Despite the internet of things (IoT) market being forecast to reach $1.5 trillion by 2027, device security is still being neglected, according to Phil Attfield, CEO of Sequitur Labs.
This IoT growth is driven by increased adoption of smart sensors integrated into connected devices and is forecast to triple to more than 75 billion devices over the next few years. With this growth, there will be a corresponding increase in the number of issues and vulnerabilities that cybercriminals can exploit.
The devices are being made and sold by some of the largest technology companies in the world, into the manufacturing, retail, government, healthcare, consumer, transportation, IT and telecom markets. While IoT devices have the opportunity to revolutionize the way people work, live and play, insufficient implementation of embedded security has the potential to derail these benefits.
Phil Attfield commented, “Security is a critical element of IoT deployment, yet it is often neglected in the development process. IoT manufacturers need to come up with security practices to protect both proprietary edge device IP and customer data/privacy. Lack of IoT device security exposes customers to the danger of a breach that can lead to IP theft, damage to a company’s brand, and loss of customer trust. With trillions of dollars on the line, there is an immediate need to secure devices across their entire lifecycle to help overcome complex cybersecurity challenges.”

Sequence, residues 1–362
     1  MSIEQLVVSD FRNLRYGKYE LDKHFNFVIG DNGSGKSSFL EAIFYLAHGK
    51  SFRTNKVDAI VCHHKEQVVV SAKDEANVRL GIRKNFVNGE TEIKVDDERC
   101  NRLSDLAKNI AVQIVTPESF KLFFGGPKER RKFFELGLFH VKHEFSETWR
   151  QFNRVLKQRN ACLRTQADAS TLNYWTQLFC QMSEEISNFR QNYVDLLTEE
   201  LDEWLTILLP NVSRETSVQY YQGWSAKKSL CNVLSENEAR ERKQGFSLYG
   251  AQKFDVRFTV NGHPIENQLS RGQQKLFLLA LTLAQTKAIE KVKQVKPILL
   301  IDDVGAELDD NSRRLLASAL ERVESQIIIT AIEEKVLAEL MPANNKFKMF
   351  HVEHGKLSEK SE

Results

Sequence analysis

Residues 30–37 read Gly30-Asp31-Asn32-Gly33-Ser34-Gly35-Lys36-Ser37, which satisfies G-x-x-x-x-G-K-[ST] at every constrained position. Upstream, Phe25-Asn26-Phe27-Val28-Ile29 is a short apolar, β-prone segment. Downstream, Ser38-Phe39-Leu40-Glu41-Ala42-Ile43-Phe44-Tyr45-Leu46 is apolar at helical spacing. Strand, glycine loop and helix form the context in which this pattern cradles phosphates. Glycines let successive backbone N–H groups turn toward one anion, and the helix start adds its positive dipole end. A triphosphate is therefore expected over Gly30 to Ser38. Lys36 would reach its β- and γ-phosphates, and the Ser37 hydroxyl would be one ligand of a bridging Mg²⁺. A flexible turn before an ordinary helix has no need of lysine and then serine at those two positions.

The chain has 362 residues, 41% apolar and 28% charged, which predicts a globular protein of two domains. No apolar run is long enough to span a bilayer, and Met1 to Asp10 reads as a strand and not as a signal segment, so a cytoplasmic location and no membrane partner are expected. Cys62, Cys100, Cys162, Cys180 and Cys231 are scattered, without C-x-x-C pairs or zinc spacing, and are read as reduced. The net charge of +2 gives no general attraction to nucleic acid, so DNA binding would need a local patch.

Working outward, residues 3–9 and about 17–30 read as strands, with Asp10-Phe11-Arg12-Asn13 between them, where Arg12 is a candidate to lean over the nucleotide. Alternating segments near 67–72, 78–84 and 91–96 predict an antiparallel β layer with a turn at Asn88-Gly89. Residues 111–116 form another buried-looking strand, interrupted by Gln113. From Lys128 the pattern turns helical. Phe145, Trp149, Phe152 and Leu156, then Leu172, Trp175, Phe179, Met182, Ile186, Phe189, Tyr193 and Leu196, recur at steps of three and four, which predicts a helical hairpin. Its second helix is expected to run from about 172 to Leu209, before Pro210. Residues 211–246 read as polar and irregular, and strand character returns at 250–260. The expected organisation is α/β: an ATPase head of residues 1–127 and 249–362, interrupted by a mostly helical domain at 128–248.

“If manufacturers do not implement IoT device security practices, the government will likely step in to regulate this area as part of their consumer protection policies,” said Attfield.
Sequitur Labs backs up the concerns with findings of a Forrester Consulting report on the state of enterprise IoT security in North America, which indicates it is unmanaged and unsecured. The key highlights are:
- 84 percent of security professionals believe IoT devices are more vulnerable than computers
- Two-thirds of enterprises have already experienced an IoT security incident
- Only 16 percent of enterprise security managers say they have adequate visibility of IoT devices in their environments.
One approach to security is through security platforms such as that provided by the company’s EmSpark security suite. This uses the Arm TrustZone architecture to create a safe and secure environment for critical device data and applications, supporting security functions for encryption, storage, data transmission and key/certificate management. IoT hardware manufacturers can use this software suite to implement device-level security and address technical, intellectual property (IP), supply chain and business process challenges. Developers can build applications with secure resources without having to become experts in cryptography and complex chip-level security technologies.
The EmSpark security suite is available for Microchip, NXP Semiconductors, STMicroelectronics, Nvidia, and Arrow Shield96 devices.
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